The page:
Paleontology is the study of the history of life on Earth as based on fossils. Fossils are the remains of plants, animals, fungi, bacteria, and single-celled living things that have been replaced by rock material or impressions of organisms preserved in rock.


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Paleontology is the study of the history of life on Earth. It focuses on fossils. A fossil is the remains of a long-dead animal or plant.

There are mainly two kinds of fossils. In one case, animal, or plant matter is replaced by rock over time. The remains still keep their shape. In the other case, the fossil is actually an impression. It can be a footprint, for example. Or it can be the outline of a body pressed into mud. Over time, the earth and mud turn to rock. Yet, the impression remains.

Paleontologists study all species, or kinds of animals and plants. They study species that still exist. They also study extinct species. Extinct species are ones that have died out. Dinosaurs are one example.

Fossils show how living things evolved, or changed, over time. They also show how one species evolved out of another. For example, paleontologists believe whales evolved from land animals. They think this because of the fossils of certain extinct animals. These animals are closely related to whales. Like whales, they lived in the ocean. Yet, they still had legs. Over time, those legs disappeared. Then, whales developed.

Subdisciplines of Paleontology

There are several different kinds of paleontology, called subdisciplines. Each looks at a different kind of fossil.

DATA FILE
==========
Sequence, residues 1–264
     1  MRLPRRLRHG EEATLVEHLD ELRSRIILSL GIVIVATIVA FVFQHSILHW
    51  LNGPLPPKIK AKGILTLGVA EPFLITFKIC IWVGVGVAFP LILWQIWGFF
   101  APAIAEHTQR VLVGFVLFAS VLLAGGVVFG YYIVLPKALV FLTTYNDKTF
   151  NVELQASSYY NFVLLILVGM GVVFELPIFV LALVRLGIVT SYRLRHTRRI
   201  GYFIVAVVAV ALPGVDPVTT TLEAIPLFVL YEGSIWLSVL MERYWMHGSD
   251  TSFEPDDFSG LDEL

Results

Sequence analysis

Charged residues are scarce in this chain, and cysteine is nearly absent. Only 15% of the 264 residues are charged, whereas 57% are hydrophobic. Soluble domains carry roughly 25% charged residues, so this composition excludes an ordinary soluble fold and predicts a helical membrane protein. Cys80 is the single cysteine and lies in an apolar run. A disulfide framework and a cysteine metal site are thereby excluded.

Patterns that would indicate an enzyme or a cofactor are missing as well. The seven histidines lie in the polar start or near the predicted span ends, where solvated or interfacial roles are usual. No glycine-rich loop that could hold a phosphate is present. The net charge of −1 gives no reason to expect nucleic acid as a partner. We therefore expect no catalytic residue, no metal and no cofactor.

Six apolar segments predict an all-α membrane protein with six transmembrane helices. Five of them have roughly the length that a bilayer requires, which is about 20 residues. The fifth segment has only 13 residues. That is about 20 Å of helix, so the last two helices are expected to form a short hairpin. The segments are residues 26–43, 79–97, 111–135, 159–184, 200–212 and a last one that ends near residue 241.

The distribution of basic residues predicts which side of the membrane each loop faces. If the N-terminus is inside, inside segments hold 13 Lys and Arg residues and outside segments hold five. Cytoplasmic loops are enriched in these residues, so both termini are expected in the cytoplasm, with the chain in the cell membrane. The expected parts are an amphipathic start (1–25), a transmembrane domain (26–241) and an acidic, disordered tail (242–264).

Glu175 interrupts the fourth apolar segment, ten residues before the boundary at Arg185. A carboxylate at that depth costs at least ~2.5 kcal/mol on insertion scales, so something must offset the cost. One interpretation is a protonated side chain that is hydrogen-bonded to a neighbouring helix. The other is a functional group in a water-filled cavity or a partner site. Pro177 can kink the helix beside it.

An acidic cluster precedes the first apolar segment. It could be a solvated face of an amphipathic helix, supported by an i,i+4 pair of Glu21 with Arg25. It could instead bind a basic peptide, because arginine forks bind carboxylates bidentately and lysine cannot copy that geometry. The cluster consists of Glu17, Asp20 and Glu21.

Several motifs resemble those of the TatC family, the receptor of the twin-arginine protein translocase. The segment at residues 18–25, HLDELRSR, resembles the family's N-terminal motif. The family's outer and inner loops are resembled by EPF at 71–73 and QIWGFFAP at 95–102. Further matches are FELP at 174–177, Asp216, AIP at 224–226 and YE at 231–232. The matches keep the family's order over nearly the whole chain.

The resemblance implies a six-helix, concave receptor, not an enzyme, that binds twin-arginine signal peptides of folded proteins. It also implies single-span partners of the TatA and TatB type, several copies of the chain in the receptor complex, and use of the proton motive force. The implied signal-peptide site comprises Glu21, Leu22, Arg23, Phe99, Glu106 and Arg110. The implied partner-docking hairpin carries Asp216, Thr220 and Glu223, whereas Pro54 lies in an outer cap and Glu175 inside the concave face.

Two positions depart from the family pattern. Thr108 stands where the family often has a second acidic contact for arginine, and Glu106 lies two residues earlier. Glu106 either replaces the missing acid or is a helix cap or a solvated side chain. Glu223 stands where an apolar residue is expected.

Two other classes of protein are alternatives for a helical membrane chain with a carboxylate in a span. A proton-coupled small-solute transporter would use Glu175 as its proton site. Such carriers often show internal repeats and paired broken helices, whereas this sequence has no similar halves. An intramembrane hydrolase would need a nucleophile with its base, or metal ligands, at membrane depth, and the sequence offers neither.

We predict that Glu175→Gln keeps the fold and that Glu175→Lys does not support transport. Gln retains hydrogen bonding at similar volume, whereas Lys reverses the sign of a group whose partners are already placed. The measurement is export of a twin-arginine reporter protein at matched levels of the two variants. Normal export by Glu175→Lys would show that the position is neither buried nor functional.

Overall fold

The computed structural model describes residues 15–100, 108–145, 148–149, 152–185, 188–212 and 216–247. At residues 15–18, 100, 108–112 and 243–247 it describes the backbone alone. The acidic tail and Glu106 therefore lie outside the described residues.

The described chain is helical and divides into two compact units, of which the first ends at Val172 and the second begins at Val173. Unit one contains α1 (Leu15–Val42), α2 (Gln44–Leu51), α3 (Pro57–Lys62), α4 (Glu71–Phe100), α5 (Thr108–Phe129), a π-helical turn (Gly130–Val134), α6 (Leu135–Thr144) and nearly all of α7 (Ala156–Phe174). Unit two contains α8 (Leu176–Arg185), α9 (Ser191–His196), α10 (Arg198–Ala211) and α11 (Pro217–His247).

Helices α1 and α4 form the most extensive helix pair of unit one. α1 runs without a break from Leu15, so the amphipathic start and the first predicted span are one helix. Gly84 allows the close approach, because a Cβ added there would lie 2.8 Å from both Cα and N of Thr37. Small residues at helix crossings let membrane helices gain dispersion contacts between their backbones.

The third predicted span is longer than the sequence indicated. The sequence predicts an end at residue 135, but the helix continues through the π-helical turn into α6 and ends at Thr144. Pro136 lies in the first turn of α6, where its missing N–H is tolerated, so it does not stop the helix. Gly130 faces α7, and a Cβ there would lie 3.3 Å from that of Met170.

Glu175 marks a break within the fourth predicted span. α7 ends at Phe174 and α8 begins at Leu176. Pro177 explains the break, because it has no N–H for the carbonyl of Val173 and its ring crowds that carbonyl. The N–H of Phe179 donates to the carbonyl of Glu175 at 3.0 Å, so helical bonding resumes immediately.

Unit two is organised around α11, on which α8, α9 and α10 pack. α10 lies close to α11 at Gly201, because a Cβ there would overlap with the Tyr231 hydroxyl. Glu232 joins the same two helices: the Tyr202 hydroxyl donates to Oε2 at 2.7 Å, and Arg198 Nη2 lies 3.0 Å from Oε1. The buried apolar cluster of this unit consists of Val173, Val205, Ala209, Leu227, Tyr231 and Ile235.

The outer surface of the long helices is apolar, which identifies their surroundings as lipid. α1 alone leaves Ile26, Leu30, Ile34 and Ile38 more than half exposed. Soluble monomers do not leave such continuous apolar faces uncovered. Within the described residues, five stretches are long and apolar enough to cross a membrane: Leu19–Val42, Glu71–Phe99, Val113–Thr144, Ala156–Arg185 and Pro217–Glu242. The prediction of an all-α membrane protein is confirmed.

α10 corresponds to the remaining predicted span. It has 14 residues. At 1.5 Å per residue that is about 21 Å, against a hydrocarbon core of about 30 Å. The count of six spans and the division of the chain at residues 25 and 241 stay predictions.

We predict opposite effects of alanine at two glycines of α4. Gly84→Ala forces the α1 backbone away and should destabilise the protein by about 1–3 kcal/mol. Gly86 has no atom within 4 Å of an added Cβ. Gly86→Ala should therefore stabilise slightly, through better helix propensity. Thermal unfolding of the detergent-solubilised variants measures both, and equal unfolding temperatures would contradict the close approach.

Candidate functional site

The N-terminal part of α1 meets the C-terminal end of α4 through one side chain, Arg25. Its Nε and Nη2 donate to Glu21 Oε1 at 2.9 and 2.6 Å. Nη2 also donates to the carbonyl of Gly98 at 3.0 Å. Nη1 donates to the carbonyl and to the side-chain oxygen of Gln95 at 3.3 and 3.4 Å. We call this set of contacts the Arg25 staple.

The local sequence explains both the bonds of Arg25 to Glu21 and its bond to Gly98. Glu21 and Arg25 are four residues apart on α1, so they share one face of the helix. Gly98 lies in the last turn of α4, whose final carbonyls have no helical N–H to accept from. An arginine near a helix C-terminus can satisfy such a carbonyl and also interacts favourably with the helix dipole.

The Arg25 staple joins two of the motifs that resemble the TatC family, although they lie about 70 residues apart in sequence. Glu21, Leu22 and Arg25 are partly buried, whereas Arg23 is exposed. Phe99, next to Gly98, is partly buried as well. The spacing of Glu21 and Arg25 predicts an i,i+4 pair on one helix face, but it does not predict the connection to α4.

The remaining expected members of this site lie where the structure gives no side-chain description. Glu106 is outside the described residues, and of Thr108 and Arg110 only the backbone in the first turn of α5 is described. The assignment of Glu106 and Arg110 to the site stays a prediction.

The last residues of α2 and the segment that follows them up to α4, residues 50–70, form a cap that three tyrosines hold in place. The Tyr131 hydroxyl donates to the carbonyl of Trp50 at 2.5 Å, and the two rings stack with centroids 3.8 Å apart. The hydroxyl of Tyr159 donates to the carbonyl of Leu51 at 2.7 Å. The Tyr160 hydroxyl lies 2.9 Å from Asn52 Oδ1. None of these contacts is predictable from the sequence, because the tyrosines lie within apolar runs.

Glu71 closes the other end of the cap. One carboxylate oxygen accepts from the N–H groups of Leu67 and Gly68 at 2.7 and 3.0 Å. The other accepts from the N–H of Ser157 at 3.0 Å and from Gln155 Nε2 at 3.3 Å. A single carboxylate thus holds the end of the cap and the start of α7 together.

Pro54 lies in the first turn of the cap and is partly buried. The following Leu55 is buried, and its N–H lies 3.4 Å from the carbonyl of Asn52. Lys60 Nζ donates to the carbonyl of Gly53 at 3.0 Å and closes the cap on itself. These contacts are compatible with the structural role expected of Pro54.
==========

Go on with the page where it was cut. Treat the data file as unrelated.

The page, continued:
Vertebrate Paleontology

Vertebrate paleontology is one kind of paleontology. It is the study of fossils of animals with backbones. Vertebrate paleontologists have dug up the fossilized skeletons of many ancient animals. For example, they have found many kinds of dinosaurs.

Invertebrate Paleontology

Invertebrate paleontology is the study of the fossils of animals without backbones. Such animals are called invertebrates. They include things like crabs, shrimp, sponges, and worms. Invertebrates do not have bones. They do leave things like shells behind, though. Or, they leave an impression of their soft bodies.


Paleobotany is the study of fossils of ancient plants. These can be impressions of plants left on rocks. Or, they can be parts of plants preserved in rock. Such fossils show how plants have evolved.


Micropaleontology is the study of fossils of microscopic organisms. These living things are very, very tiny. Most are so small they cannot be seen with the eye alone. They can only be seen with microscopes.

History of Paleontology

People around the world have been finding fossils for thousands of years. They did not always understand what they were, though.

Paleontology as we know it began in the 1700s. At that point, scientists were carefully studying fossils for the first time.

Scientist Charles Darwin changed paleontology greatly. In the 1850s, he showed that new species evolve over time. Over millions of years, one species can change and become a new species. Animals living today are related to species from the distant past. This can be true even when they look very different.

After Darwin, paleontologists saw fossils in a new way. They began to make connections between fossils and living animals. These connections helped show how ancient animals lived. They also showed how one kind of animal evolved into another.